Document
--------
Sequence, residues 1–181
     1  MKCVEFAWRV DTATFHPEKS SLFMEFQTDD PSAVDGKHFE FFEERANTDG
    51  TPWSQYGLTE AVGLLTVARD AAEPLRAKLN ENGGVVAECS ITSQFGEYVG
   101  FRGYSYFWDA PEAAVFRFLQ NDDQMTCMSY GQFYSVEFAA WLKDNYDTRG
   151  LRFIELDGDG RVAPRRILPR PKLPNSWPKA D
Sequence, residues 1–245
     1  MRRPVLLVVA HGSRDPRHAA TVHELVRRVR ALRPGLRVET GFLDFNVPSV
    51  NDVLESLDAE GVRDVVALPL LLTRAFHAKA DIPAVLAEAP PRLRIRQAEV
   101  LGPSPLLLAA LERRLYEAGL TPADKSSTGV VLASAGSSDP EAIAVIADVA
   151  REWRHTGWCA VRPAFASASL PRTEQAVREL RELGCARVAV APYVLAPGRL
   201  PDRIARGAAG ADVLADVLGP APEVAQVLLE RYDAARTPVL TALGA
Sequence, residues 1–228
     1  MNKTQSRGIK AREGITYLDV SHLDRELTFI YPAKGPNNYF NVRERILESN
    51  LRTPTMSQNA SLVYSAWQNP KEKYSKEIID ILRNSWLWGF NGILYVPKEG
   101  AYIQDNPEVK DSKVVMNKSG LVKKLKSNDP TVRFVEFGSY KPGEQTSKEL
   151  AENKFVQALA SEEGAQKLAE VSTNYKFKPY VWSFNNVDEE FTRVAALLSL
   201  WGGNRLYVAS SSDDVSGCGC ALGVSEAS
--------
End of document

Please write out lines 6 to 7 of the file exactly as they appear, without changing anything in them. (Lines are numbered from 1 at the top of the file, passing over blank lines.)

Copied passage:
Sequence, residues 1–245
     1  MRRPVLLVVA HGSRDPRHAA TVHELVRRVR ALRPGLRVET GFLDFNVPSV